In 1875, the National Museum's emissary discovered a 35 meter long and 8 meter wide long dolmen with three chambers, all of which were located across the longitudinal direction of the dolmen. There have also been about 30 curbs on each long side. Today, only the middle chamber remains of the entire large long dolmen.
Four years after the National Museum registered the long dolmen, the landowner began to remove the ancient monument. That some of it is preserved today, we can thank J.J. Lønborg Friis for. Lønborg Friis, who was trained as a pharmacist at Rudkøbing Apotek, had a great interest in antiquity and its exploration and was active in several excavations during the years he lived in Rudkøbing.
When he heard in 1879 that a farmer was removing a long dolmen, he made immediate contact and was given permission to excavate the eastern chamber after the large stones had been removed.
The finds - pottery, flint axes and cracks - were submitted to the National Museum by Lønborg Friis - as a gift from the farm owner. By his intervention, Lønborg Friis succeeded in persuading the farmer to let the last chamber be preserved - that is what we can see today.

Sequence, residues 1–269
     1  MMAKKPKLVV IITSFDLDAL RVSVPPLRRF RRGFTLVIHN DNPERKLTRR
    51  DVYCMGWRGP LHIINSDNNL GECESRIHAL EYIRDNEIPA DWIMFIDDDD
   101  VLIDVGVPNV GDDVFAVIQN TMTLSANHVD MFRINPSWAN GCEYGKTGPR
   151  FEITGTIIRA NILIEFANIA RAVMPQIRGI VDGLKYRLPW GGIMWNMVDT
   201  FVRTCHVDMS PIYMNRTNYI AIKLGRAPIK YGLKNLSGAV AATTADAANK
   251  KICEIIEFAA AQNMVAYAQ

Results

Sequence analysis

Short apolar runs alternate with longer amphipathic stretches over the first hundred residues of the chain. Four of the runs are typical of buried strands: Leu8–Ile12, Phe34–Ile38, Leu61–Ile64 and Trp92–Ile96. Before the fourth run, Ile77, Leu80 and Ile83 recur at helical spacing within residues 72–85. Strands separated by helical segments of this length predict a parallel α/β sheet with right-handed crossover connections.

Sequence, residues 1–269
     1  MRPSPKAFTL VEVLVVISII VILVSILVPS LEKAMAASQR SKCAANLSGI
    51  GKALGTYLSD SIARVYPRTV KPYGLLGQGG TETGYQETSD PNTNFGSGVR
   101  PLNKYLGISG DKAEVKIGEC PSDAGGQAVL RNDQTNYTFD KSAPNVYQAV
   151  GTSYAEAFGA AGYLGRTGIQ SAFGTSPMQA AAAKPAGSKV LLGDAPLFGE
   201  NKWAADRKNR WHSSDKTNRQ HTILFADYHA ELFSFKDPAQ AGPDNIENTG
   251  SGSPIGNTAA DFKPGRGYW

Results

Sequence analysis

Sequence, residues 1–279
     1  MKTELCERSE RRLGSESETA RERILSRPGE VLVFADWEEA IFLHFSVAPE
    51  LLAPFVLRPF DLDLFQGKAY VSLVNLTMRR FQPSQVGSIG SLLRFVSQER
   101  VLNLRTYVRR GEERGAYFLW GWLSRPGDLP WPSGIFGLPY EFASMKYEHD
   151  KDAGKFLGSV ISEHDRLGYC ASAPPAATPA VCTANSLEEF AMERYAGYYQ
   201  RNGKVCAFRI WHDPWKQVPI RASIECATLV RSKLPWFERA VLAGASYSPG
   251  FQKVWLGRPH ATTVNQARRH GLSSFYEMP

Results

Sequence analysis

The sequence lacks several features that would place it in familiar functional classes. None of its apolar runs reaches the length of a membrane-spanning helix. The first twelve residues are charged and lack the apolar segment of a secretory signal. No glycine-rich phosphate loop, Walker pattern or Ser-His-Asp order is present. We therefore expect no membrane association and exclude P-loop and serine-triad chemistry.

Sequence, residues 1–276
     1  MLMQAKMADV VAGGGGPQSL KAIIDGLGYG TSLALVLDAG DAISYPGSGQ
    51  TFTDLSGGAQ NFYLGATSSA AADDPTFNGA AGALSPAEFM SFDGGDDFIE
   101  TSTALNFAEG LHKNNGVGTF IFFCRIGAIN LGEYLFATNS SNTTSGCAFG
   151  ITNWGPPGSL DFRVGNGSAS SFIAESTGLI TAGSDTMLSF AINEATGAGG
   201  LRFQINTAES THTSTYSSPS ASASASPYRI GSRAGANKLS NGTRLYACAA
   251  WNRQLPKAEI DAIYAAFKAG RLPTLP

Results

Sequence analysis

Lønborg Friis shared the burning interest in antiquity with a young merchant's son from Rudkøbing named Jens Winther, who founded Langelands Museum in 1900. And in fact it was Lønborg Friis who trained Winther in archeological excavation methods.
The same year that the chamber here was rescued, the then 16-year-old Winther was in charge of his first excavation of a burial ground a little west of Spodsbjerg. He wrote a full account and corresponded with Worsaae about the findings. Lønborg Friis later moved to Vendsyssel, where he founded Vendsyssel Historical Museum.
(Source: "Fortidsminder på Langeland", Langelands Museum)